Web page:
Since the Report which I had the honor of laying before the Society last year no material change has occurred in the district if I except the addition of a sugar plantation commenced lately under the auspices of some ploddingly industrious Chinamen. The fact is, no material improvement can reasonably be expected to take place until our roads be rendered more suitable for the transmission of produce and the numerous ravines which lay between the most prolific portion of the district and the harbor are made available to this end. This most highly important object is in a small way and after a fashion in course of accomplishment and I earnestly trust that the present session of the Legislature will not terminate without due consideration being extended to our wants on this head.

I have taken the liberty to forward to Stephen Reynolds, Esq., sundry samples of a variety of produce which I have requested that gentleman in his capacity of Vice President for Oahu to lay before the Society at the approaching meeting.

Though somewhat tardy and out of course in compliance with the Resolution stating that "it shall be the duty of the several Committees

“to communicate to the Chairman of such committee an individual
“report &c., at least one month before the annual meeting of the So-
“ciety," I trust I may be pardoned on the score of the irregularity
of our Coasters, the arrivals and departures of which admit of no cal-
Begging reference to the enclosed Report,
I have the honor to be Sir,

Very respectfully
Your obedient servant,



Amount of goods imported by whaleships and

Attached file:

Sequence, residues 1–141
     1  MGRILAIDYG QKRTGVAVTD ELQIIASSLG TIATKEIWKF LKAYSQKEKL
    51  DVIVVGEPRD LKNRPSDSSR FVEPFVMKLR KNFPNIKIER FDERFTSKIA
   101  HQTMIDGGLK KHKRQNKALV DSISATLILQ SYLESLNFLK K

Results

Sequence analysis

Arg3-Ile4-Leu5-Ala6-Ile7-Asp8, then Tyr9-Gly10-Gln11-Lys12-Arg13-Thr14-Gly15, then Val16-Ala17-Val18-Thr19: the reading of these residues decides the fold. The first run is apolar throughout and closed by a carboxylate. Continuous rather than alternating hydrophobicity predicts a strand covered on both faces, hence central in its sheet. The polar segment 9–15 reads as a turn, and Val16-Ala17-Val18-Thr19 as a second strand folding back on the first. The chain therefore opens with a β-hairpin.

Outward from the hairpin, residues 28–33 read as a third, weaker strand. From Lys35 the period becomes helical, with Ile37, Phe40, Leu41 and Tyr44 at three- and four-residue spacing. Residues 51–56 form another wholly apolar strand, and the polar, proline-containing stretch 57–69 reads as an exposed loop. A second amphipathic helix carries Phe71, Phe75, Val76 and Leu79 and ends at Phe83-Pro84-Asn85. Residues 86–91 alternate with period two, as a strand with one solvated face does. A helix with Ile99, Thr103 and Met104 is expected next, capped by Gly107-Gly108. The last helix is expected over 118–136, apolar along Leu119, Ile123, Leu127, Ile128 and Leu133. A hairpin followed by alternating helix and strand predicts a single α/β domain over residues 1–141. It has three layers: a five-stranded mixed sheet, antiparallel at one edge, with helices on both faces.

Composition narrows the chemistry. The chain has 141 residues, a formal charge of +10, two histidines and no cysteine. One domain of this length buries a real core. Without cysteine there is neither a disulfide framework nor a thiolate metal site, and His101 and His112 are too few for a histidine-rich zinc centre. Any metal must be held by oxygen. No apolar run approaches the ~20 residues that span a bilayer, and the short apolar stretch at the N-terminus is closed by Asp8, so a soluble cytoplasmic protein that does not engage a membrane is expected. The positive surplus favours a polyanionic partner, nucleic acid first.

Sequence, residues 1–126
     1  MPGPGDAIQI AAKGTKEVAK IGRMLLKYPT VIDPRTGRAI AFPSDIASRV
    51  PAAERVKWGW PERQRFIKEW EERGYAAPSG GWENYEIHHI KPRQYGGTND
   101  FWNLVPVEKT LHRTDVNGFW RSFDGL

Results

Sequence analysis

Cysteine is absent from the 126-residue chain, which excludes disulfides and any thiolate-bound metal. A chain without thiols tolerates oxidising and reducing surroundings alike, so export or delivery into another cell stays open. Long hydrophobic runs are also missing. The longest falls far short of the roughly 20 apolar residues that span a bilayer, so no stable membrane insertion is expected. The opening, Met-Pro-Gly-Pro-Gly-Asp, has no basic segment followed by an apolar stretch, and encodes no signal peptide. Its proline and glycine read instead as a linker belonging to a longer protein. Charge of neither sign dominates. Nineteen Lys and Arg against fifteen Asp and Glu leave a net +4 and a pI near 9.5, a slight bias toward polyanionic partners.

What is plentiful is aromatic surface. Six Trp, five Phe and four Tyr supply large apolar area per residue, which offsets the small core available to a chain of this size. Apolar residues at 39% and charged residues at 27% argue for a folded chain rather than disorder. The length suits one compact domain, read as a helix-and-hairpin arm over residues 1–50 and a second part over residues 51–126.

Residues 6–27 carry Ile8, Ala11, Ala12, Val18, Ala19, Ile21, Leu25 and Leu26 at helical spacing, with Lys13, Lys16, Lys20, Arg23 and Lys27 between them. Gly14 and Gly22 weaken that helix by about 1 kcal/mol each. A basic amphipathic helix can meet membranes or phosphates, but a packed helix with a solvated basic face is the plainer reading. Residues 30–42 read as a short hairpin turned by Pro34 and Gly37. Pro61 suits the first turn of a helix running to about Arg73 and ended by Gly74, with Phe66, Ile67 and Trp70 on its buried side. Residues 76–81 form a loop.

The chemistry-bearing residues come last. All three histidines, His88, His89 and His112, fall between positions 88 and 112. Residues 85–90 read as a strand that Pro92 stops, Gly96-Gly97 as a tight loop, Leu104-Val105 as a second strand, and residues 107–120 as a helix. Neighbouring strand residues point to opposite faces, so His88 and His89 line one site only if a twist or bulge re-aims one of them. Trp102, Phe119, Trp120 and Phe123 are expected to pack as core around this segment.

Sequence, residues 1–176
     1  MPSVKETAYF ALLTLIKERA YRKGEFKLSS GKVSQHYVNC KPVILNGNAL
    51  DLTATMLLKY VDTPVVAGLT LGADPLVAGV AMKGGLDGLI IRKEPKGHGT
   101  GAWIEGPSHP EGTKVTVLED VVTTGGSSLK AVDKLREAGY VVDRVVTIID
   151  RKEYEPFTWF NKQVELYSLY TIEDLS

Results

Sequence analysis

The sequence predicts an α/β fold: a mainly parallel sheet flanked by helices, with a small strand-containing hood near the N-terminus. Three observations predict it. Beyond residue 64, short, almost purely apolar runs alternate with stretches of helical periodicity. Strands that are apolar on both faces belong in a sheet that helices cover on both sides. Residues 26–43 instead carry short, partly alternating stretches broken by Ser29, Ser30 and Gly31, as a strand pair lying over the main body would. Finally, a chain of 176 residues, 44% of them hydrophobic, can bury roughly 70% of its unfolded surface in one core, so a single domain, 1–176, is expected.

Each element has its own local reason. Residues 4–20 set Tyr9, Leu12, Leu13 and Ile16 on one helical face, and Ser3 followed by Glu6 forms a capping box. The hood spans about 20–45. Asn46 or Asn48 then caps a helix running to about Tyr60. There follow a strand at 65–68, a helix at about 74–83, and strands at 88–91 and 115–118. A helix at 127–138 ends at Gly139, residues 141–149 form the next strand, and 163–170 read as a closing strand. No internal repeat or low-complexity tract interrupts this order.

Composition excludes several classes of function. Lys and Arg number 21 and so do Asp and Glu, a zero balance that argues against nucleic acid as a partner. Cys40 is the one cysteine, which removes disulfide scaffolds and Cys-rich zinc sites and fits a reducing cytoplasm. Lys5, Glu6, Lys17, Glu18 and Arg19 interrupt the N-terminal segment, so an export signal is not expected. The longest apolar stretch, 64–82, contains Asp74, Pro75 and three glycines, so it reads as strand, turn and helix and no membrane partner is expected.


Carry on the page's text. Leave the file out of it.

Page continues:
adınitted free of duties,

$8711 47
Amount imported by whaleships subject to du-

2775 67

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Exported Coastwise for the year ending with date

640,000 lbs. Sugar
45,000 Gallons Molasses
74,000 lbs. Coffee

7,500 Goatskins

22,000 lbs. Arrow Root. Total number of foreign arrivals at the Port of Hilo for the year ending with dateAmerican Whaleships

73. Bremen do.

1. American schooner from San Francisco,

1. “St. Marys," Sloop-of-War,




As a member of the Committee on Statistics, I beg to offer the following statement of the principal articles of domestic produce exported as cargo, from 1844 to 1851 inclusive; and a calculation of the number of Cattle, Horses and Sheep on this group, made up from information received from persons residing upon the different Islands, and engaged in grazing.

The tables from which the following statement of exports has been made up, have already been published here, but have not been put together before in such form as to admit of an easy comparison of one year with another.

In consequence of the annual meetings of the Society being held at different times of the year, it is impossible to give the amounts of exports between the times of the meetings in such way as to be satisfactorily compared, therefore I have chosen to give them for each year commencing with the lst of January.